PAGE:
She found lots of other "treasure" and there is allot of history that went on in our part of the country. You may end up being surprised over the treasures you find. Good Luck!

-- Posted by sameldridge on Sat, Feb 7, 2009, at 5:31 PM

As a boy in Oklahoma's Osage -- legends of outlaw loot being buried near one creek in the upland grasslands were part of existance.

The big one had the James/Younger/Dalton gangs burying a fortune in a big iron "wash kettle" close to that creek.

These youngsters who should remain nameless to protect the guilty, devised a plan - which involved a certain bachelor farmer's farmstead "donating" a cracked iron pot. The pot was buried with the top about a foot beneath the ground's surface, exactly 50 paces north of one giant oak tree and 50 paces east of another giant tree.

After a few rains -- the pot was carefully dug out with the clear impression left in the clay subsoil -- fully visible from the field lane, naturally with the grass and brush heavily crushed around it.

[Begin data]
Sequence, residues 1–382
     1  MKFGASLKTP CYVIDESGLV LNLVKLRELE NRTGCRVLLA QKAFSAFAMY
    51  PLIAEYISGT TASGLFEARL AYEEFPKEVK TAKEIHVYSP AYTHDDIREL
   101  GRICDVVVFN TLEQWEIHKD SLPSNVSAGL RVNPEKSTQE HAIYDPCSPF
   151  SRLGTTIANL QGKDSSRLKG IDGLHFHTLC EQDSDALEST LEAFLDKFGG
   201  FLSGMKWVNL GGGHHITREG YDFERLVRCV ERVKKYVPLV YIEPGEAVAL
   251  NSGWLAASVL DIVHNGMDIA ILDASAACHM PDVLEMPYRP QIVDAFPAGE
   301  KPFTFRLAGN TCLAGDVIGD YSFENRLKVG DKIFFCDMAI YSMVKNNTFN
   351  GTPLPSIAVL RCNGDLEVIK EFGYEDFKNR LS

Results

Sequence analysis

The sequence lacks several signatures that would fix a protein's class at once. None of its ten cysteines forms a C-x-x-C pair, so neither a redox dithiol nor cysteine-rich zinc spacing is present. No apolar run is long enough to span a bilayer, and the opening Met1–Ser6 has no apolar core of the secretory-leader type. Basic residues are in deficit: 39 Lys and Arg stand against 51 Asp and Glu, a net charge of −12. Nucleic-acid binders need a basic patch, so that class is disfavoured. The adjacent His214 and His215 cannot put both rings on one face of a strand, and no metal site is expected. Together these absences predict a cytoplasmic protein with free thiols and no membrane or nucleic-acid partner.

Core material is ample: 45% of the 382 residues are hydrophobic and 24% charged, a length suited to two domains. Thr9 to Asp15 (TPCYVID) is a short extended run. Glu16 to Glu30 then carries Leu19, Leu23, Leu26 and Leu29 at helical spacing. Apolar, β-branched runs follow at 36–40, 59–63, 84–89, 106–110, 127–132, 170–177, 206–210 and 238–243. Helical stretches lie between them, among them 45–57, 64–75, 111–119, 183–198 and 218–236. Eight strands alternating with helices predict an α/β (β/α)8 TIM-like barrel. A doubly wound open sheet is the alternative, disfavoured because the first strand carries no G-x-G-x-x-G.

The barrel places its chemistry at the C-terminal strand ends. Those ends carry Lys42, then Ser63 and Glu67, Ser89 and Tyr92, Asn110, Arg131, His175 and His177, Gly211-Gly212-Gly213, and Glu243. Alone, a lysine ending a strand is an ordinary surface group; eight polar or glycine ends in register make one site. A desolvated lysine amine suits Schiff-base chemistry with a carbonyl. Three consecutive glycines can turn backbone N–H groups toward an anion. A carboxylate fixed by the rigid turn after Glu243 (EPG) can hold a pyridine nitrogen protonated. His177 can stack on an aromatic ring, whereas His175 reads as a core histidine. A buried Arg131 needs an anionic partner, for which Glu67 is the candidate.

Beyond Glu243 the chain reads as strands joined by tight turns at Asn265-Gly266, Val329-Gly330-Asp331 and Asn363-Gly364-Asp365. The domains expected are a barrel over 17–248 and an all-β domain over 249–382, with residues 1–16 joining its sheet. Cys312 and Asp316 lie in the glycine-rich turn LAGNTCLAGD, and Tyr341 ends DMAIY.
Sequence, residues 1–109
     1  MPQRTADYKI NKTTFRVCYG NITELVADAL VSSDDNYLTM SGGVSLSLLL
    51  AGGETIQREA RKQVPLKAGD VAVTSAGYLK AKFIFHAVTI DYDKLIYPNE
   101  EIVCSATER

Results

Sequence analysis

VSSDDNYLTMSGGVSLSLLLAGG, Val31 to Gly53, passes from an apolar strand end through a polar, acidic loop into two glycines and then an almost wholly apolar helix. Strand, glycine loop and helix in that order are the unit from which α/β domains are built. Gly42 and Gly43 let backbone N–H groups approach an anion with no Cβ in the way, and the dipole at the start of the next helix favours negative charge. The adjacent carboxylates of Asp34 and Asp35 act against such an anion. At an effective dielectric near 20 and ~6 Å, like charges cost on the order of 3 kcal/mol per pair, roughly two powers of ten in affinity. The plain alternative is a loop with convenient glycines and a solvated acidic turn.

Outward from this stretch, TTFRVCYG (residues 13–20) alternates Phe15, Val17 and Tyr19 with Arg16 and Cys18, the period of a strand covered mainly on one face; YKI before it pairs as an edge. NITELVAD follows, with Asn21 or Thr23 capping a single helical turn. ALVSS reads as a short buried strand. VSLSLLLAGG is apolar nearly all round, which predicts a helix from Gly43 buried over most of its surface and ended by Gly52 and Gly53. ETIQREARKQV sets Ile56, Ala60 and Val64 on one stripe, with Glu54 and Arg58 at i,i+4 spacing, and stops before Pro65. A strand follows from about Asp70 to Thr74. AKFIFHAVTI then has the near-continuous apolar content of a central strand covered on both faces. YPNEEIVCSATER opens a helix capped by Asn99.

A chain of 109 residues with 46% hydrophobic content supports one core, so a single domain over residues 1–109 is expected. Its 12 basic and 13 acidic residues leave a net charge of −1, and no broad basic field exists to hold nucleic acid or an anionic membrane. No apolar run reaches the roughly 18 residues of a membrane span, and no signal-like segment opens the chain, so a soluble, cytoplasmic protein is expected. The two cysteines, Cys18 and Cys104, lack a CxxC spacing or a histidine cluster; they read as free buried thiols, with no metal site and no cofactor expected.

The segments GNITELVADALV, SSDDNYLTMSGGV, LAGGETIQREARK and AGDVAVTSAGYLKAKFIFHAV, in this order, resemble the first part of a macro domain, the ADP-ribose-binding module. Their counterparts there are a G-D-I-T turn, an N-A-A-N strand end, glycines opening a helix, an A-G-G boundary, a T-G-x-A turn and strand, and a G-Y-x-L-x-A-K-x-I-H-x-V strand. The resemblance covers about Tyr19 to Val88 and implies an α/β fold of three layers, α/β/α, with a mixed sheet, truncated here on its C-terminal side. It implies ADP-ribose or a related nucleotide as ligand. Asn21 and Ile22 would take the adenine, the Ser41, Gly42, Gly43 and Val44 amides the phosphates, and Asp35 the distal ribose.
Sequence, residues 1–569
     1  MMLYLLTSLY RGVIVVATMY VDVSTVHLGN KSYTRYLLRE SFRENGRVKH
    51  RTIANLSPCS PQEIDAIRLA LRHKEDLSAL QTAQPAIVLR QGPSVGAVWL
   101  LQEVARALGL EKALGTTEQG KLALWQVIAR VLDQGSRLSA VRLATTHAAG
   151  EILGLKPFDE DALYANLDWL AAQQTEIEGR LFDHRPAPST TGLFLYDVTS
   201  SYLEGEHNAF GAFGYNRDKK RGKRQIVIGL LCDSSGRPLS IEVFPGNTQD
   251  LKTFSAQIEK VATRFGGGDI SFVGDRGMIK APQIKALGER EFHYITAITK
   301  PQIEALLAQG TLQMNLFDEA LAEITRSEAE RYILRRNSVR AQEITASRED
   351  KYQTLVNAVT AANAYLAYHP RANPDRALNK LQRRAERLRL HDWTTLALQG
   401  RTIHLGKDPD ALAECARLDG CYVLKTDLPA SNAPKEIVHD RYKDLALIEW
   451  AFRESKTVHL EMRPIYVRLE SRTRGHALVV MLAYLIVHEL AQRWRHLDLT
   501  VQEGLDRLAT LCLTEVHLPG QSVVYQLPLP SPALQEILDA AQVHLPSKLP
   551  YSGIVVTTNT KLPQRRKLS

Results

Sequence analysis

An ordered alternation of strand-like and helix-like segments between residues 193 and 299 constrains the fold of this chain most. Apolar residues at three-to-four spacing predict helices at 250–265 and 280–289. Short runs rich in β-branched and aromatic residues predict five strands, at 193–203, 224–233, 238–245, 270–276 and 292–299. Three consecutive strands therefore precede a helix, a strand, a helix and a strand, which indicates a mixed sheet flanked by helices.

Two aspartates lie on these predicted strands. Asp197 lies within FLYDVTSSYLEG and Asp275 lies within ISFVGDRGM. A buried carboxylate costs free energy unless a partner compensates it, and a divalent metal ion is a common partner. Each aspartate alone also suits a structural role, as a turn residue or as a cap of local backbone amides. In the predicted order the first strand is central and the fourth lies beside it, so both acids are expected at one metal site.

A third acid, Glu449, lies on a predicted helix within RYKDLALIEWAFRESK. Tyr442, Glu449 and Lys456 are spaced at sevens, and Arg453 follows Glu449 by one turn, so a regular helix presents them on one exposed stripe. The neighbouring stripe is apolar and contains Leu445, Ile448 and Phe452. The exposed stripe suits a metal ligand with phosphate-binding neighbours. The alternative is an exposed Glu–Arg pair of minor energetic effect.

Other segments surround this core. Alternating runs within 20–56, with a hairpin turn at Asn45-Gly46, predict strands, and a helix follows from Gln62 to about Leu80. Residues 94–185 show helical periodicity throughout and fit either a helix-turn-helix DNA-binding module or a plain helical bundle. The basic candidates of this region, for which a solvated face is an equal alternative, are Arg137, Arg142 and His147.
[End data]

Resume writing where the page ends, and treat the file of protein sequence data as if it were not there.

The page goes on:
Within two days, that land's owner was calling the entire community via the party line to come see where outlaw treasure had been buried on his land.

He constantly complained about going past "..that buried treasure a thousand times, without realizing it."

-- Posted by bigsurmac on Sat, Feb 7, 2009, at 12:48 PM


Respond to this blog

Posting a comment requires free registration. If you already have an account, enter your username and password below. Otherwise, click here to register.

Username:

Password:  (Forgot your password?)

Your comments:
Please be respectful of others and try to stay on topic.


The City Slickers
Brian Hoag
Recent posts
Archives
Blog RSS feed [Feed icon]
Comments RSS feed [Feed icon]
Login
Hot topics
Jeeping The "Promised Land"
(0 ~ 10:43 PM, May 25)

Drop-Off - A Fun Southern Nevada 4x4 Trail
(0 ~ 11:30 AM, Mar 9)

Quartzsite - The RV Gathering Place
(0 ~ 10:55 AM, Feb 16)

Titus Canyon
(2 ~ 8:25 AM, Feb 4)

Death Valley
(1 ~ 7:53 AM, Jan 31)